Author: Laird Schaub
Published in Communities Magazine Issue #149
Good records of what happened at meetings are important for a variety of reasons:
● Informing members who missed the meeting what happened. The minutes should include sufficient detail that people will be able to tell if points dear to them have already surfaced in the conversation—if this is not clear, you can be certain you’ll hear comments repeated the next time that topic is addressed.
● Providing a record of decisions and task assignments, which can serve to clear up ambiguities when memories fade or don’t agree. This is particularly valuable for committee mandates and for explaining to prospective members what they are joining. (In a consensus group, new members must abide by the full body of agreements already in place—this generally works better if new folks are fully informed about those decisions ahead of time, rather than surprised by them afterward.)
● Helping the agenda-setting crew figure out exactly where the plenary left off and where it needs to pick up when the topic is next considered. (Re-plowing old ground can be the height of tedium.)
● Providing background on the rationale for decisions. This can be crucial in deciding whether it’s relevant to reconsider a prior agreement. For my money the litmus test on whether to reconsider is “what’s new?” If the minutes are good enough to spell out what factors were taken into account the last time the group grappled with that issue, you’ll be in an excellent position to discern whether anything has altered enough to warrant a fresh look.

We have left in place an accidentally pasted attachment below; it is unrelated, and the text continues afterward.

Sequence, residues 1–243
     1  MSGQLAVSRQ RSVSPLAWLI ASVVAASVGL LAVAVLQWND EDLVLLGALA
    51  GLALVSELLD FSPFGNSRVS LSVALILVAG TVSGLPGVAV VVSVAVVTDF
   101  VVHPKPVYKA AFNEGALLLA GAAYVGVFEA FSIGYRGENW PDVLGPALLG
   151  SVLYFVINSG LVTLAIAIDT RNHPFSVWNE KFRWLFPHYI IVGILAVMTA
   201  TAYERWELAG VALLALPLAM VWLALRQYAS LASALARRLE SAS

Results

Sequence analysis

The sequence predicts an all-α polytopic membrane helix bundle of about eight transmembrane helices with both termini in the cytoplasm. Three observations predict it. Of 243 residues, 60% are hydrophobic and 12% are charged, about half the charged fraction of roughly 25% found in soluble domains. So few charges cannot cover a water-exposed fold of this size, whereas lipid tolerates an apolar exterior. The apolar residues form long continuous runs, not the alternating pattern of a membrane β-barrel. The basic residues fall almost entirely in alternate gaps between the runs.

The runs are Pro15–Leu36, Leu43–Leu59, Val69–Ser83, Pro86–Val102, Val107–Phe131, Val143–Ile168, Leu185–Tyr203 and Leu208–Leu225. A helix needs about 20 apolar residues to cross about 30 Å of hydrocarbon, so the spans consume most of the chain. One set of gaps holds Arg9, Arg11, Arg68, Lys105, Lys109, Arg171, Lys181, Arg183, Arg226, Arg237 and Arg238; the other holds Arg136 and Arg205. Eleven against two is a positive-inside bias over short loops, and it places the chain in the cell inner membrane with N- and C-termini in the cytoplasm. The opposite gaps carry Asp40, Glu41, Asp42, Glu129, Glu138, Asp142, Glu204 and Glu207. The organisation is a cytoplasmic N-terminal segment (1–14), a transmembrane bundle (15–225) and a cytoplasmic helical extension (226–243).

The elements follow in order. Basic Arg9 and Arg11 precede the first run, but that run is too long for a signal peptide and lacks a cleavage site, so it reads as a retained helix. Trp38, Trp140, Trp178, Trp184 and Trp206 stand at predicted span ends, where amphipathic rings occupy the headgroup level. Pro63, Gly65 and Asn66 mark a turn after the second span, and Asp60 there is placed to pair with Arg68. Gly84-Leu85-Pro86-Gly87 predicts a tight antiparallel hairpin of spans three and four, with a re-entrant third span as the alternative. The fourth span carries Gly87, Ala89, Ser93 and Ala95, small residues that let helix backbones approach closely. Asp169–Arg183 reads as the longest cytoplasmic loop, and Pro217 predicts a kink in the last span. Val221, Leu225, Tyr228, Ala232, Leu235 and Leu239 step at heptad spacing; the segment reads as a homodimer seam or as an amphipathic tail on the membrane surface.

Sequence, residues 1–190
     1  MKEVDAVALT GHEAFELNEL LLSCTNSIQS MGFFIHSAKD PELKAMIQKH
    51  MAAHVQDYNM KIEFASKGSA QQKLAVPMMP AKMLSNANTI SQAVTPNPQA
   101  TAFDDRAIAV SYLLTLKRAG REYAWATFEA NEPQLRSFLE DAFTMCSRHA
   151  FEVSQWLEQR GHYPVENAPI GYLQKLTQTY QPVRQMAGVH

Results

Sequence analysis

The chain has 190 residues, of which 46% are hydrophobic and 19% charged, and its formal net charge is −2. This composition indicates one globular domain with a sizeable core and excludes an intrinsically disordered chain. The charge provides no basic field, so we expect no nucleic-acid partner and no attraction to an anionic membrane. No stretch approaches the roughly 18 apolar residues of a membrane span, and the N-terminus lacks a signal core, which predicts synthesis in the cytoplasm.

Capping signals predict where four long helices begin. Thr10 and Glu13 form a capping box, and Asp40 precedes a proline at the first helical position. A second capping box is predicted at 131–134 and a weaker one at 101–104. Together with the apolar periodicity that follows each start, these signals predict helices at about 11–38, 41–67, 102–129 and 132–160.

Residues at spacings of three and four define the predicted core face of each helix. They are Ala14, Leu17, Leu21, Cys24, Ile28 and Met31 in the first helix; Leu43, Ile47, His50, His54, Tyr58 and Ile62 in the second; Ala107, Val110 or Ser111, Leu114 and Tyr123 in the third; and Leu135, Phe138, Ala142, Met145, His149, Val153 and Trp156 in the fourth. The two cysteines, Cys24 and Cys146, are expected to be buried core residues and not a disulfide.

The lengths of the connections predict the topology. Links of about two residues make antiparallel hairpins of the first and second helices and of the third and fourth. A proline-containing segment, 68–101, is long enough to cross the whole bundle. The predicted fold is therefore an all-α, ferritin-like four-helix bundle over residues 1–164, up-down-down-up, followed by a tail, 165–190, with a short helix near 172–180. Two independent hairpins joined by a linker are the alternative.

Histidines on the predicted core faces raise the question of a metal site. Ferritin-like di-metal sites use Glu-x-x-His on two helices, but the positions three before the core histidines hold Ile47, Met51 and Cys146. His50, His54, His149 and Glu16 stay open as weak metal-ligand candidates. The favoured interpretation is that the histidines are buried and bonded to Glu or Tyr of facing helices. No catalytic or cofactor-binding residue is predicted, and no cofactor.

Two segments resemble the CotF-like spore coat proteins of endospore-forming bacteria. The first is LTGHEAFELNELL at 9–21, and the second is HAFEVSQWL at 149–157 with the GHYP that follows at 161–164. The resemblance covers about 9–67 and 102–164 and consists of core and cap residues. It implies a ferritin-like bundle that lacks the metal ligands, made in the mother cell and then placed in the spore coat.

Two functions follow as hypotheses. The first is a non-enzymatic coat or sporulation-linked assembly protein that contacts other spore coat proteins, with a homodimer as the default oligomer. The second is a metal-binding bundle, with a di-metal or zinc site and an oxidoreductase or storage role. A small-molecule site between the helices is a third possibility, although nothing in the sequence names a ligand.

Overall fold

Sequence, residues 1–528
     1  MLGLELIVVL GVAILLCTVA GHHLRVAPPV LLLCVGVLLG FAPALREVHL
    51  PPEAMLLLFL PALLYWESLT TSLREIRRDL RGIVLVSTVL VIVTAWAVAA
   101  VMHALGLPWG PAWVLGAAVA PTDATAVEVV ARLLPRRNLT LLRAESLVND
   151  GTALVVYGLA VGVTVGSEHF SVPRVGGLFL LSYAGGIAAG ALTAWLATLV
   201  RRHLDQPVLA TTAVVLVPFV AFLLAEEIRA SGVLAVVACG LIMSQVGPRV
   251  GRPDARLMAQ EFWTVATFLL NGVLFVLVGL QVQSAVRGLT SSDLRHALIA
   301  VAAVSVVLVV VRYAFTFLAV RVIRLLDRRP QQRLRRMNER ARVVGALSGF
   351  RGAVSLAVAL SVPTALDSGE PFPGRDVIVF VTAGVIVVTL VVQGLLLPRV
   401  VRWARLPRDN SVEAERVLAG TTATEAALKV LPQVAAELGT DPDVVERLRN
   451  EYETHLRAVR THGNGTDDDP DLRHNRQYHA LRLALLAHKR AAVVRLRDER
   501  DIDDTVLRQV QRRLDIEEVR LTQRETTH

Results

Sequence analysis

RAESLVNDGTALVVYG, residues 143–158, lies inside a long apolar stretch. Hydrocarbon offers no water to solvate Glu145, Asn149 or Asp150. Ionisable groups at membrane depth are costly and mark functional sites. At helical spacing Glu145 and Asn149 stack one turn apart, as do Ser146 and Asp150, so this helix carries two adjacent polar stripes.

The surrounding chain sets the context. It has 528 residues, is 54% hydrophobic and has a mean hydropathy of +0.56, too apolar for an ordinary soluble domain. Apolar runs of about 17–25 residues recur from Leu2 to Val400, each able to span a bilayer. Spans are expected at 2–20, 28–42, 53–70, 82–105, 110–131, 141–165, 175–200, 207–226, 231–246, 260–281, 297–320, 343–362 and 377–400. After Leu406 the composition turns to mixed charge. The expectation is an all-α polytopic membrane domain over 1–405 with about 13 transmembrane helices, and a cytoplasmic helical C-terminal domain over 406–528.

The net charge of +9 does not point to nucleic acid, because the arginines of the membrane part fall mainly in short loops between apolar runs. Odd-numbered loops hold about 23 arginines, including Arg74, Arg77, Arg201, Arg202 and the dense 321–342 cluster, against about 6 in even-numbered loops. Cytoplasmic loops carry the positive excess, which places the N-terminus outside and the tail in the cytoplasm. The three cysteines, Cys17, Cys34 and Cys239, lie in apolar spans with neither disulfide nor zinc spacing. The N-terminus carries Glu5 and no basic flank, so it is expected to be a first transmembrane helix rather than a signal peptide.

Questions to Consider
Groups can benefit enormously from discussing what they want minutes to accomplish and the standards they want to set for them. This is a plenary conversation. Questions to discuss include:
● Timeliness: how soon after a meeting should they be posted?
● How will they be disseminated? Is email to a listserv enough, or should there be a hard copy posted on a bulletin board as well—and if so, where?
● How will minutes be archived?
● Minimum standards for what content will be covered. Keep in mind the need to get enough sense of the discussion that people who missed the meeting will know whether their concerns have surfaced or not. If this is not done well enough, the next plenary will be condemned to recapitulate a conversation that’s already happened.
● Process by which people can propose revisions to the minutes, and how it will be decided what changes should be incorporated if there’s disagreement about it.
● Suggestions for formatting such that readers can easily scan minutes for decisions and tasks. (Do you want executive summaries of the minutes to help those with limited time get the gist?)
● What will be your standard for recording attributions (who said what)? In general, the two situations where it tends to be most valuable are when someone is expressing upset or when they are speaking in an official capacity (for example, as a board member, manager, or committee chair).
● Do you want to create an (indexed?) Agreement Log, which would provide a place for people to look up more easily what the group has agreed to?
● What compensation (if any) will notetakers get for doing minutes?
● What committee will be responsible for seeing to it that notetakers are trained, and that minute standards are being adhered to?
Not Just for Secretaries Any More
It can often be challenging for a group to find enough energy among its membership for taking, editing, and organizing minutes. Here’s a hint for how this might be enhanced: ask folks who want to learn to be better facilitators to take turns doing minutes. The art of quickly crafting a concise yet accurate synopsis of a speaker’s comments is the same as that used by facilitators to track and summarize conversations. Though the facilitator is doing it orally, while the notetaker is doing it in writing, it’s still the same skill. This awareness might help generate some additional enthusiasm for practicing the noble craft of taking minutes—and doing the group a good turn into the bargain.